Edith and William's dance...

“And he could not speak to her of what he took to be her unhappiness. When he attempted to do so, she accepted what he said as a reflection upon her adequacy and her self, and she became morosely withdrawn from him as she did when he made love to her. He blamed his clumsiness for her withdrawal and took upon himself the responsibility for what she felt.” - From the novel Stoner, by John Williams.

I'm afraid to let you in again...

When I did, you hurt me so badly, I don’t think I can ever trust you again. I don’t think I can ever put myself out there like I did: it would be too dangerous, too scary. So I prefer to stay quiet, not to ask for what I need from you because if I did, who knows, I might get hurt again. And anything is better than suffering the pain of that.

I don't know when it all started...

slow erosion can be very vicious because they happen subtly, almost without us really noticing them…

Before we know it, we find ourselves sitting on the couch at different ends, no longer touching, no longer kissing, wondering what has happened to us, brushing it under the infamous carpet of “that’s how married life goes”…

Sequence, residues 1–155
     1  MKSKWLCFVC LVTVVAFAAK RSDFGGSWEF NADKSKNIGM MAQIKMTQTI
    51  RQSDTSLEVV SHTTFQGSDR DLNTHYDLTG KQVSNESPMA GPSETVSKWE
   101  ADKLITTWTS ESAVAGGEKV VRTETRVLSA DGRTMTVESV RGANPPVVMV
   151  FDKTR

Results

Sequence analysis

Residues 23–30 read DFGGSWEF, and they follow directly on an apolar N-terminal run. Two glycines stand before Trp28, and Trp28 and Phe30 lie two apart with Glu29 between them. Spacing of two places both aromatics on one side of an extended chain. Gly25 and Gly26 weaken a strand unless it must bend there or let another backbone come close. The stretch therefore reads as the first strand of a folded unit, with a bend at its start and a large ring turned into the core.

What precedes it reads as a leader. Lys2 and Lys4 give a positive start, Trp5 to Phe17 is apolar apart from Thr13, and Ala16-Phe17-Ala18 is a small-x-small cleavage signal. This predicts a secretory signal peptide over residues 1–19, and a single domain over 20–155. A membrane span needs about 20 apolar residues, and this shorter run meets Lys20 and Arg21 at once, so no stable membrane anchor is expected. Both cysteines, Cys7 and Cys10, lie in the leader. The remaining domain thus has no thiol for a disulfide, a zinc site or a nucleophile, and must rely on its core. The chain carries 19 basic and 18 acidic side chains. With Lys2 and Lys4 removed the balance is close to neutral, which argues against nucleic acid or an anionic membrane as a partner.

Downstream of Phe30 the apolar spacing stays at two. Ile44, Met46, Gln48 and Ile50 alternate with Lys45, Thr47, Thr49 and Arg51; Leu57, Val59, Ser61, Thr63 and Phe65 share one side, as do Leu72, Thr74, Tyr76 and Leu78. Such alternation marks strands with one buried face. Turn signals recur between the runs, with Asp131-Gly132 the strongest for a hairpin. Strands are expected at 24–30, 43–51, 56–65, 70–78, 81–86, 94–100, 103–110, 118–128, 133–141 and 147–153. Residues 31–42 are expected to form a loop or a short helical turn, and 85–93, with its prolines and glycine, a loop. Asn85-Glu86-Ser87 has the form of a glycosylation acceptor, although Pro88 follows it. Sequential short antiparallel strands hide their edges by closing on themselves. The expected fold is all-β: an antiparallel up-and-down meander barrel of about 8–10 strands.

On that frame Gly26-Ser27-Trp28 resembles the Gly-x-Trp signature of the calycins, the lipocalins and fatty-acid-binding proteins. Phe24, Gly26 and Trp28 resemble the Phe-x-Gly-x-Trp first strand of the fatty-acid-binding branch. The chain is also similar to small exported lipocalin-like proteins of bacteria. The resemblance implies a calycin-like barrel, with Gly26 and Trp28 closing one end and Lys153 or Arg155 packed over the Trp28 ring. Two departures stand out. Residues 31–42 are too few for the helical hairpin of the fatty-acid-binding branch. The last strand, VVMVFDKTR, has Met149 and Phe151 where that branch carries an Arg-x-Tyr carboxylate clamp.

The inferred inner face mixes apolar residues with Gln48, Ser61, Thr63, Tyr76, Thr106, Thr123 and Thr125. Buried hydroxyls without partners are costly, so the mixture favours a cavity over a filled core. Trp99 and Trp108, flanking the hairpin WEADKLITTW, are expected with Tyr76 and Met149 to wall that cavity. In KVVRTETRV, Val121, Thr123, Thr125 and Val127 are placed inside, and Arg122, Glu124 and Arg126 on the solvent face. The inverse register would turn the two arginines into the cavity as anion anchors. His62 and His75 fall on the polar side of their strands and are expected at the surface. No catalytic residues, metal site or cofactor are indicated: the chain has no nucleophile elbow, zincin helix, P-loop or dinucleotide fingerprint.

When it's been too long...

When there have been too many years of anxiously wondering if our partner loves us, if we are doing anything right by them, it is sometimes too late: the wounds and the feelings of rejection, and hurt are just too deep to even imagine the possibility of healing.

Sometimes, couples will come too late, after years of isolation and despair, year of unsuccessful attempts at connection, of unsuccessful attempts at proving themselves worthy of their partner's love.

It's not about the dishes...

That’s because it’s never really only about the dishes, or who is dropping the kids today at school.

When couples fight, it is indeed very often less about the content of what they are fighting about than it is about the meaning they attach to each other’s actions: "Do you see me? Do I matter to you? Am I important to you?”